The Thaumaturge: Early Impressions After Release


The Thaumaturge is a new game from the polish studio Fool’s Theory currently working on the Witcher 1 Remake under the supervision of CD Projekt Red. I was coming at that game from two angles. First, it has a refreshing look, takes place in a historical setting, and looks like nothing else ever made. The second angle is… it gives us a good idea what the studio could do as they work on the new Witcher game.

Russia, Rasputin, and more pre-WW1 stuff

The game starts as the protagonist, Wiktor, a middle-aged bearded man, arrives in a remote countryside town, in search of a healer who could help him with his own problems. Wiktor is a thaumaturge, a mix of a wizard and psychologist who is able to analyze people’s feelings and manipulate their minds, as well as invocating some demons who can support him in his endeavors and in his actual fights. The demons in question remind me very much of the Shinigami as represented in Death Note (and probably other places) - dark entities that follow your orders and can do either good or bad based on the will of their owner.


Wiktor is a Pole, but Poland does not exist anymore since the late 18th century (and will only become a state again after WW1) and is dominated by its Russian neighbor (then directed by a Tsar). The idea of Poles as distinct people still persist and Wiktor identifies himself as such. When the game starts, he is in bad shape, tired, frail and losing touch with his demon (Ephyr). His hope is that healer he’s heard about will be able to do some kind of miracle to help him.


Turns out the healer is the famous Rasputin - which stats giving you a clue that the game will mix actual historical characters inside the fiction. Rasputin becomes an important character in the introduction as he helps Wiktor to be in touch with his demon once again.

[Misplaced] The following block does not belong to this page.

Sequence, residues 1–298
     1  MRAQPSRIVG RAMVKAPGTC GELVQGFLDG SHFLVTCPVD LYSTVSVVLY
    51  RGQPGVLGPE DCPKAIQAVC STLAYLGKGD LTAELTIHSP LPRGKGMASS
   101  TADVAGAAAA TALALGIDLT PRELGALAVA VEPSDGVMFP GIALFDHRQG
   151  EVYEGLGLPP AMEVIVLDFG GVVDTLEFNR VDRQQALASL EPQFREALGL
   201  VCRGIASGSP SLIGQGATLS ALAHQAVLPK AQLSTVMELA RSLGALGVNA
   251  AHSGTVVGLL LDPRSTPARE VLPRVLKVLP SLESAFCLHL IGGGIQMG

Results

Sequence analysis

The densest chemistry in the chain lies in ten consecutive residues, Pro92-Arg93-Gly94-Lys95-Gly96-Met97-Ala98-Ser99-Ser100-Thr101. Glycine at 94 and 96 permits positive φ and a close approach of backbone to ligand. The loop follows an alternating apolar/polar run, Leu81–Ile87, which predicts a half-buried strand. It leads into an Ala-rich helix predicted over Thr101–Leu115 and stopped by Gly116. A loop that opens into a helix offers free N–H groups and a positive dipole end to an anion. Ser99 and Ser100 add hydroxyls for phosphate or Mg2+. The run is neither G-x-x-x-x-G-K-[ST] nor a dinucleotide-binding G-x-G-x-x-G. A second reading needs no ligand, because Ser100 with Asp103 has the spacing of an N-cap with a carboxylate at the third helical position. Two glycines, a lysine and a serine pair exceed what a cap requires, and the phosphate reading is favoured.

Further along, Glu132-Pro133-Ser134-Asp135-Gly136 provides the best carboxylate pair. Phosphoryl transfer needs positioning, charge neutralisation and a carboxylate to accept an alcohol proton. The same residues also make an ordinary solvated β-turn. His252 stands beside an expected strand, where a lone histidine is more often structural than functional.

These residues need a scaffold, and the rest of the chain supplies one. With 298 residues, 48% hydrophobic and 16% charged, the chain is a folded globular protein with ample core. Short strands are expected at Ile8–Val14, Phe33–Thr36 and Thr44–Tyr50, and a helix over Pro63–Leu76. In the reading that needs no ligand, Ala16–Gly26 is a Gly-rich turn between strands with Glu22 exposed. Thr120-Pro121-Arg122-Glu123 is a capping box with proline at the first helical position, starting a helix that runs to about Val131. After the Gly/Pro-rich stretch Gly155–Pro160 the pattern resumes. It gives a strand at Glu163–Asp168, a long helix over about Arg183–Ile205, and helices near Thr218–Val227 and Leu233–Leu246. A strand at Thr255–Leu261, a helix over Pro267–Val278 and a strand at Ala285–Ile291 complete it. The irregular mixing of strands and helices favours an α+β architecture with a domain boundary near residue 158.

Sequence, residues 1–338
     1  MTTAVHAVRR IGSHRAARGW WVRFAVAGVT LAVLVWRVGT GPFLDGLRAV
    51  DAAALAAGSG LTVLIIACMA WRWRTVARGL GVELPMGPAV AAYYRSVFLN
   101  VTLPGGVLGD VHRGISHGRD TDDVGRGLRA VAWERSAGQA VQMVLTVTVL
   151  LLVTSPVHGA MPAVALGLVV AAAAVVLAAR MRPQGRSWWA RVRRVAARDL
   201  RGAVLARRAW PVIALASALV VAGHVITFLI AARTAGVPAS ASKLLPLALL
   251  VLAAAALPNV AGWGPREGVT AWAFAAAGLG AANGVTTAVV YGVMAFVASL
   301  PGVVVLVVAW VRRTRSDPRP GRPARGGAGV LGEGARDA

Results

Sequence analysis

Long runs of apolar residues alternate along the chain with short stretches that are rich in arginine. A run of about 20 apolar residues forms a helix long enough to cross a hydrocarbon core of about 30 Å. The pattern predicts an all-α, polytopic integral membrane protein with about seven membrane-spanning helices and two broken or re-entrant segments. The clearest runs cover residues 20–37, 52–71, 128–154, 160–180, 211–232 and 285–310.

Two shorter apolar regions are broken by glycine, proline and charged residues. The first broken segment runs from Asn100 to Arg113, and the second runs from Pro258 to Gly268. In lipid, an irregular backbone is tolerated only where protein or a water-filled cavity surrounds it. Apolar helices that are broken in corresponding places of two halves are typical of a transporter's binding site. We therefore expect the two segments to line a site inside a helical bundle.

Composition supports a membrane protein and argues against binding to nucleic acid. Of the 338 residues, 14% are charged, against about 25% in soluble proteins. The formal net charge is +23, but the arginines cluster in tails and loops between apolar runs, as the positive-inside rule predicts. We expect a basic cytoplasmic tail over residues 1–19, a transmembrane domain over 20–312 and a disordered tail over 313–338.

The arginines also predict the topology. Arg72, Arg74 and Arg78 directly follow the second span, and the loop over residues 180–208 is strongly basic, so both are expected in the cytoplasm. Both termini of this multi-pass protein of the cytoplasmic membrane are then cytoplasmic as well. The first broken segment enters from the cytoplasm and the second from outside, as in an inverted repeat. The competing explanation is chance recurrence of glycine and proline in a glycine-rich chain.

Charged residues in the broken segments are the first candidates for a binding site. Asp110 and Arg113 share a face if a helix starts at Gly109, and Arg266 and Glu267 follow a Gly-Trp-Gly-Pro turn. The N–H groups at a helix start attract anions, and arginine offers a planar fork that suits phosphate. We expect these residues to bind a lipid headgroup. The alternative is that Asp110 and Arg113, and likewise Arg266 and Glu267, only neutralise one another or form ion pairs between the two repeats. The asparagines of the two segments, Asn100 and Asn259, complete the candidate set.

Story, Fights, And Everything in Between

You view the game from a top-down view, similar to isometric games of old, while the whole world is here in 3D. There is very little camera movement possible, as it follows your character as you move around. What you do in the game is mostly talking to people, collecting clues on how to better talk to people and unlock new dialog options, and then fight against people who don’t like what you do. The clues that you find are not just objects: as a thaumaturge you can also sense the story behind said objects, their previous owner, and what kind of feeling was attached to them. At you collect more and more clues this way, the game makes connections between some of them, enabling new interactions with the characters in your surroundings.

Top down view

There’s a lot of dialogs - if you are familiar with the Witcher games, that should give you a good idea of the importance of conversations - and conversations give you quite a few choices on how to introduce yourself or how to influence people - some of the dialog options are based on the clues you have collected, others are based on your thaumaturge skills and stats.

Talking with your sister